Program on FreeDOS with Bywater BASIC |

Program on FreeDOS with Bywater BASIC

Install Bywater BASIC on your FreeDOS system and start experimenting with BASIC programming.

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In the early days of personal computing—from the late 1970s and through the 1980s—many people got their start with BASIC programming. BASIC was a universal programming language that came built into most personal computers, from Apple to IBM PCs.

When we started the FreeDOS Project in June 1994, it seemed natural that we should include an open source BASIC environment. I was excited to discover one already existed in Bywater BASIC.

The Bywater BASIC website reminds us that Bywater BASIC implements a large superset of the ANSI Standard for Minimal BASIC (X3.60-1978) and a significant subset of the ANSI Standard for Full BASIC (X3.113-1987). It's also distributed under the GNU General Public License version 2, which means it's open source software. We only want to include open source programs in FreeDOS, so Bywater BASIC was a great addition to FreeDOS in our early days.

We've included Bywater BASIC since at least FreeDOS Alpha 5, in 1997. You can find Bywater BASIC in FreeDOS 1.3 RC4 in the "Development" package group on the Bonus CD. Load this:


Bywater BASIC

Installing Bywater BASIC on FreeDOS 1.3 RC4
(Jim Hall, CC-BY SA 4.0)

FreeDOS installs the Bywater BASIC package in the \DEVEL\BWBASIC directory. Change to this directory with CD \DEVEL\BWBASIC and type BWBASIC to run the Bywater BASIC interpreter.


Bywater BASIC

The Bywater BASIC intepreter
(Jim Hall, CC-BY SA 4.0)

Writing a sample program

Let me demonstrate Bywater BASIC by writing a test program. We'll keep this simple—print five random numbers. This requires only a few constructs—a loop to iterate over five values and a random number generator. BASIC uses the RND(1) statement to generate a random value between 0 and 1. We can use PRINT to display the random number.

One feature I like in Bywater BASIC is the integrated "help" system. There's nothing more frustrating than forgetting the syntax for a BASIC statement. For example, I always forget how to create BASIC loops. Do I use FOR I IN 1 TO 10 or FOR I = 1 TO 10? Just type help FOR at the Bywater BASIC prompt and the interpreter displays the usage and a brief description.


Bywater BASIC

Use the "help" system as a quick-reference guide
(Jim Hall, CC-BY SA 4.0)

Another neat feature in Bywater BASIC is how it reformats your BASIC instructions, so they are easier to read. After typing my brief program, I can type list to see the full source listing. Bywater BASIC automatically adds the CALL keyword to my RANDOMIZE statement on line 10 and indents the PRINT statement inside my loop. These small changes help me to see loops and other features in my program, which can aid in debugging.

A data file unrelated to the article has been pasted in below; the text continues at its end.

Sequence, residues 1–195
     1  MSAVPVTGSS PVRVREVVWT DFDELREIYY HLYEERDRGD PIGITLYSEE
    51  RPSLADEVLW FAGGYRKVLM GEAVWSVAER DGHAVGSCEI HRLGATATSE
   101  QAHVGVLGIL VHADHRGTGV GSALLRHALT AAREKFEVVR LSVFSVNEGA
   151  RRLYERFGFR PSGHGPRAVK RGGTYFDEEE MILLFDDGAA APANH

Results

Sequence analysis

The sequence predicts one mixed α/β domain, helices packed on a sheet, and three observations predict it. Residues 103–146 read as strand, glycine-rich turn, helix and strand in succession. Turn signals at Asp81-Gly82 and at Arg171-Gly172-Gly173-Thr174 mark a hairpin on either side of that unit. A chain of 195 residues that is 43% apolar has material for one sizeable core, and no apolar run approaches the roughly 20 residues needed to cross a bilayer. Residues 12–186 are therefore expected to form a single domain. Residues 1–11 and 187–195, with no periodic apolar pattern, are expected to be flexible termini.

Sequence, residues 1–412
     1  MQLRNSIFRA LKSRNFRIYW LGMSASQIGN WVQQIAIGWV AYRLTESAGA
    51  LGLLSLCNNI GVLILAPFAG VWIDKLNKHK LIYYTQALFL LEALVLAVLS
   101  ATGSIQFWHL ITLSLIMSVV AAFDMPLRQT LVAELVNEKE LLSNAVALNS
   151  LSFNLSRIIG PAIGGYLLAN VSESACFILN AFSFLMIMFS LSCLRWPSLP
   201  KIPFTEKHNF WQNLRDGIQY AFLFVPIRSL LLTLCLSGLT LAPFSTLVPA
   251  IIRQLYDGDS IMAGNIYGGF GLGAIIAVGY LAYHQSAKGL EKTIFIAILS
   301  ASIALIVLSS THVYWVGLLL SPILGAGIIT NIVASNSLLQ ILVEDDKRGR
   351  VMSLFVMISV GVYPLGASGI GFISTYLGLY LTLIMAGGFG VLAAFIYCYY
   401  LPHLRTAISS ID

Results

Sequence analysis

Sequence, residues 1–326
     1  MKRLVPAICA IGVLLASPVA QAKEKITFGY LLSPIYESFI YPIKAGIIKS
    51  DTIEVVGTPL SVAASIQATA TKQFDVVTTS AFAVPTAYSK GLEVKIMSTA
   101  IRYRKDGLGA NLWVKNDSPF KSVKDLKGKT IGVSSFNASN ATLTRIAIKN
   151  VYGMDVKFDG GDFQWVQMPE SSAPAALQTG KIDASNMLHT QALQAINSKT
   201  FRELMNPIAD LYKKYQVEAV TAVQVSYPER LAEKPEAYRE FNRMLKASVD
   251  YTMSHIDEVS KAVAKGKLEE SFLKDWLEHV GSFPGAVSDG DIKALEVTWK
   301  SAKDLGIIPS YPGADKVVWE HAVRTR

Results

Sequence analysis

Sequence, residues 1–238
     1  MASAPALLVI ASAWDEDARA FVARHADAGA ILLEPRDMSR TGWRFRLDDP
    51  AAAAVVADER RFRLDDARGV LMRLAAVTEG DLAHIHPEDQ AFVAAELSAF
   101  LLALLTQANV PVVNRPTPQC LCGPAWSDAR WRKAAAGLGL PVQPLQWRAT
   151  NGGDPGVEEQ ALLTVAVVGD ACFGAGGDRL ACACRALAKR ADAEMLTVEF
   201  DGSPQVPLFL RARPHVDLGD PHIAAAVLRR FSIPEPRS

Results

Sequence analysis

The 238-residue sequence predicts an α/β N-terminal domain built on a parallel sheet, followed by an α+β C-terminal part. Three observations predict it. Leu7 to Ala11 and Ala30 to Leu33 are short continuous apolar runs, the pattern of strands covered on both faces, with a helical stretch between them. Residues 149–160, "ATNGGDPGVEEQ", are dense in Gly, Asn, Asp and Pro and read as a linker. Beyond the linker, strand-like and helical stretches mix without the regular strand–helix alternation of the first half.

Bywater BASIC

Bywater BASIC automatically reformats your code
(Jim Hall, CC-BY SA 4.0)

If everything looks okay, then type RUN to execute the program. Because I used the RANDOMIZE statement at the start of my BASIC program, Bywater seeds the random number generator with a random starting point. This ensures that my numbers are actually random values and don't repeat when I re-run my program.


Bywater BASIC

Generating lists of random numbers
(Jim Hall, CC-BY SA 4.0)

Install Bywater BASIC on your FreeDOS system and start experimenting with BASIC programming. BASIC can be a great first programming language, especially if you are interested in getting back to the "roots" of personal computing. You can find more information about Bywater BASIC in the manual, installed in the \DEVEL\BWBASIC directory as BWBASIC.DOC. You can also explore the online "help" system by typing HELP at the Bywater BASIC prompt.

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About the author

photo of Jim Hall
Jim Hall - Jim Hall is an open source software advocate and developer, best known for usability testing in GNOME and as the founder + project coordinator of FreeDOS. At work, Jim is CEO of Hallmentum, an IT executive consulting company that provides hands-on IT Leadership training, workshops, and coaching.